Can an IRA Be Owned by an LLC?

Self-directed IRAs can benefit from using an LLC for investing in alternative assets like real estate. The LLC will act as the entity through which rent checks will be sent directly to STC so as to credit your account directly.

Limited Liability

An LLC shields an IRA accountholder from being personally responsible for debts of their business unless a plaintiff can “pierce the corporate veil.” This can help ensure your IRA assets do not become frozen as soon as creditors or judgment-debtors sue for payment.

An LLC is considered a pass-through entity for tax purposes, so earnings do not attract individual income tax and losses flow directly back into member accounts where they can claim deductions on their individual share of losses. An IRA LLC also allows its owner to avoid having to pay custodian transaction fees and annual maintenance fees related to self-directed IRA accounts.

An IRA owned LLC can invest in various alternative assets, including real estate, private businesses, precious metals and tax liens. When selecting investments to include in an IRA owned LLC portfolio it is crucial that legal advice be sought to draft an operating agreement and other documents which ensure you do not engage in prohibited transactions.

Tax Benefits

IRAs hold over $9 Trillion dollars and are one of the world’s most attractive investment vehicles due to the tax benefits it offers.

An LLC can offer significant tax advantages to IRA owners. For instance, it can help to lower tax liability by isolating income and expenses from personal taxes, and reduce administration costs by eliminating the need for a custodian to manage and make decisions on behalf of the IRA owner.

Importantly, an IRA LLC must abide by IRS rules regarding prohibited transactions. An IRA/LLC cannot pay salaries to its IRA owner or spouse and cannot transact with entities controlled or owned by that IRA owner.

To establish an IRA/LLC, it’s essential that articles of organization be filed and an EIN obtained. Furthermore, an operating agreement detailing how your company will abide by IRA regulations must also be drawn up and agreed upon by all members.


LLCs allow you to protect both your personal assets and those of the business when sued, so creditors cannot go after your personal belongings for debts or settlements incurred from creditors pursuing lawsuits against your business. A sole proprietorship or general partnership allows creditors to go after personal assets to pay debts or settle disputes that come their way, which could make the difference when faced with lawsuits against it.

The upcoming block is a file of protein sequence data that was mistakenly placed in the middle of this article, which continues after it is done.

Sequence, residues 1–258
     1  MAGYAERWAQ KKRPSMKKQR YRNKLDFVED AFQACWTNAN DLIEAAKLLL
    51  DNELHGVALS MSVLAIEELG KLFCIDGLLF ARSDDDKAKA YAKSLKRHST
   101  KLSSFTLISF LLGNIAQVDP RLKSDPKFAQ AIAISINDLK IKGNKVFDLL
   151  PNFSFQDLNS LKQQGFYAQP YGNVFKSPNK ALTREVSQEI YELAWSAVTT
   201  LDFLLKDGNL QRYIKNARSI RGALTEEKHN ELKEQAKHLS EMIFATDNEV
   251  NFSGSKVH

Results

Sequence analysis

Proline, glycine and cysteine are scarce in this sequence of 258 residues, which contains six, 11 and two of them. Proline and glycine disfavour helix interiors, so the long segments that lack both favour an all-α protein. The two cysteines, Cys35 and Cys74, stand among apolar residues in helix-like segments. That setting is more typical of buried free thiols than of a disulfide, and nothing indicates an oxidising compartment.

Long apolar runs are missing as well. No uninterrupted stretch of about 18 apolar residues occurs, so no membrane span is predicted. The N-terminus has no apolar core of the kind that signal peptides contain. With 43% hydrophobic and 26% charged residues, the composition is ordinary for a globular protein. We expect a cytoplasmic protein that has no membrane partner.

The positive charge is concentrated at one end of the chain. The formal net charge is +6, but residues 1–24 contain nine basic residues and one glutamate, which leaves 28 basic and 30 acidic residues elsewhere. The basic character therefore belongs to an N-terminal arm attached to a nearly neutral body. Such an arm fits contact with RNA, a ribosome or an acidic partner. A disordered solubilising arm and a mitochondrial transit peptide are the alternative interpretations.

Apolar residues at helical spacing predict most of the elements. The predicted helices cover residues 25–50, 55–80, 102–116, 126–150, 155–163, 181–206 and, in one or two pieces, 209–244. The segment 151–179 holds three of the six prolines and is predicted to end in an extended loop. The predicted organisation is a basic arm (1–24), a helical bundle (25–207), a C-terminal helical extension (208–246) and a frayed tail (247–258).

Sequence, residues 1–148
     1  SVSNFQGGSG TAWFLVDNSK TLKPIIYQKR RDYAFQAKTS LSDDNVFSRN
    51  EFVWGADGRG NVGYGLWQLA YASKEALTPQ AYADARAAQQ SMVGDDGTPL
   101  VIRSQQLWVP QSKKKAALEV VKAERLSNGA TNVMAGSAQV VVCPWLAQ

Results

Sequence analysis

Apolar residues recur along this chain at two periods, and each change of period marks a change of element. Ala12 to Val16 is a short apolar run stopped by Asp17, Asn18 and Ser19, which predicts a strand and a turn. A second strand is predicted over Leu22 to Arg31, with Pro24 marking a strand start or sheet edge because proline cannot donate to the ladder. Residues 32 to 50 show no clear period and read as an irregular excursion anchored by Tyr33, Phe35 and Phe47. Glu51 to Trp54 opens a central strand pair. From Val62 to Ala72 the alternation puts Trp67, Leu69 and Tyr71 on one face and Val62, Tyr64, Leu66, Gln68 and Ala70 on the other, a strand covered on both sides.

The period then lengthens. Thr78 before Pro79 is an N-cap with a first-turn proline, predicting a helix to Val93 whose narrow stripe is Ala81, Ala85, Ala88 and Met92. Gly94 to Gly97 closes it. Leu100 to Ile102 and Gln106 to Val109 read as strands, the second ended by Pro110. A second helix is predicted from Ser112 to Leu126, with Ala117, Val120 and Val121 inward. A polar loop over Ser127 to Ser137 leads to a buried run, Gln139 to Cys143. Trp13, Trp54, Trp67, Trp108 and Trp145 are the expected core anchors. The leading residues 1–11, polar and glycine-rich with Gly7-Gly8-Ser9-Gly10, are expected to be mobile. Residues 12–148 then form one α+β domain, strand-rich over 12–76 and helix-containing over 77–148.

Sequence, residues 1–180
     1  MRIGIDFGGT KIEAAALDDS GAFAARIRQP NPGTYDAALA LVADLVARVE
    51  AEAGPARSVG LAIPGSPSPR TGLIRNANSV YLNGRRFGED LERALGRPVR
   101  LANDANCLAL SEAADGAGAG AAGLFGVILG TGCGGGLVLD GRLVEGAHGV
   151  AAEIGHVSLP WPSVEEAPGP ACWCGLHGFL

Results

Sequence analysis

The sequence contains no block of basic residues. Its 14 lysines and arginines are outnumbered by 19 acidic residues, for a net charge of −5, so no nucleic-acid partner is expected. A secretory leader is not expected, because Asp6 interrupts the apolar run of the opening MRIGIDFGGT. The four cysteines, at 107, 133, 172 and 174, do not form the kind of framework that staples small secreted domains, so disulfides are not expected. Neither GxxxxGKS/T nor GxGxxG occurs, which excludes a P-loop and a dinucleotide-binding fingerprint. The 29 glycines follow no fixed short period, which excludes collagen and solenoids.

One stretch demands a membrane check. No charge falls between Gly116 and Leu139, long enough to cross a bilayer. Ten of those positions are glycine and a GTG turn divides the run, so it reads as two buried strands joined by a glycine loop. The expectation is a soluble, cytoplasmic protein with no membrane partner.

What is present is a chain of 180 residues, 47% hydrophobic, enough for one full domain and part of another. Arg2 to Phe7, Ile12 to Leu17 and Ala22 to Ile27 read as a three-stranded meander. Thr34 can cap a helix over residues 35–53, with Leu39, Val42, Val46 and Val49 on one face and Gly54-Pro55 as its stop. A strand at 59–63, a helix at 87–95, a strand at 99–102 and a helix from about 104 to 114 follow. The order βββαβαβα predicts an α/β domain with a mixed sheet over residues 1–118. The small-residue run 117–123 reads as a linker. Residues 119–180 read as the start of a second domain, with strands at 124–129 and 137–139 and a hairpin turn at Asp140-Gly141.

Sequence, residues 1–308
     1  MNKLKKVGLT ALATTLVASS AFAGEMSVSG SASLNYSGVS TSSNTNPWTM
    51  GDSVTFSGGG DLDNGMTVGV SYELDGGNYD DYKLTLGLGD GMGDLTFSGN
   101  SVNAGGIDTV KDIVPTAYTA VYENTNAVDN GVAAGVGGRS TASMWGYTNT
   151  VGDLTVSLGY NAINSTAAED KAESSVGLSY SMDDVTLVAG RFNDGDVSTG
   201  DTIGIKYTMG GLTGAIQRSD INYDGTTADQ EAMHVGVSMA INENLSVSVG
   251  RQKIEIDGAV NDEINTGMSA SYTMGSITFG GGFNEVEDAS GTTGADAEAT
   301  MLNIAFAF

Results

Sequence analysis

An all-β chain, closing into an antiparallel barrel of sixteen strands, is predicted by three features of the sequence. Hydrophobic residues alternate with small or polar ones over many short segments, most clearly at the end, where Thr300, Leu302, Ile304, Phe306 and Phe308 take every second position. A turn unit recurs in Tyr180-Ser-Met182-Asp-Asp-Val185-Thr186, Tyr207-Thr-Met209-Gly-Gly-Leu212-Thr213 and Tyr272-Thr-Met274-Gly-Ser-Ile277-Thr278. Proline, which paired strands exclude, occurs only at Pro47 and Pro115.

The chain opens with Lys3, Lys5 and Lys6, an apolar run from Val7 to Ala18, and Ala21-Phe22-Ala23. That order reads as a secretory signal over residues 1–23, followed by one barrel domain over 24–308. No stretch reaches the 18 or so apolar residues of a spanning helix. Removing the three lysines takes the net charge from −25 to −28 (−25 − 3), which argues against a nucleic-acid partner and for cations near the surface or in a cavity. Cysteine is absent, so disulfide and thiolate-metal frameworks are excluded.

To establish an LLC in any state, the articles of organization must be submitted with an associated fee and you must appoint a registered agent who will accept legal notices and tax documents on behalf of your LLC.

CT Tip: An operating agreement should outline how an LLC will be run, in order to help prevent disputes among members. It should include details about ownership breakdown, financial and management rights transfers, profit distribution as well as any necessary penalties.

Consult a lawyer who can advise on the optimal way to manage your SDIRA LLC and keep its tax-advantaged status intact – this includes avoiding prohibited transactions and dealings with disqualified parties.


Utilizing an LLC allows you to diversify your retirement assets. The process works by creating a special purpose LLC owned by your Self-Directed IRA (SDIRA). This provides “checkbook control” and allows the SDIRA to make investments without going through a custodian, eliminating the need for transaction fees.

An LLC is an ideal structure for real estate investments as its flow-through entity status means any income or profits pass directly into an SDIRA tax-free. Furthermore, an LLC allows investors to open business bank accounts more easily, making expense management and financial oversight much simpler.

Care should be taken to avoid infringing upon the IRS’s prohibited transaction rules, for instance when managing funds of an LLC owned by an IRA owner or disqualified individual. Also important are state specific rules; working with a qualified attorney will help ensure you abide by them all.

Raymond Banks Administrator
Raymond Banks is a published author in the commodity world. He has written extensively about gold and silver investments, and his work has been featured in some of the most respected financial journals in the industry. Raymond\\\'s expertise in the commodities market is highly sought-after, and he regularly delivers presentations on behalf of various investment firms. He is also a regular guest on financial news programmes, where he offers his expert insights into the latest commodity trends.

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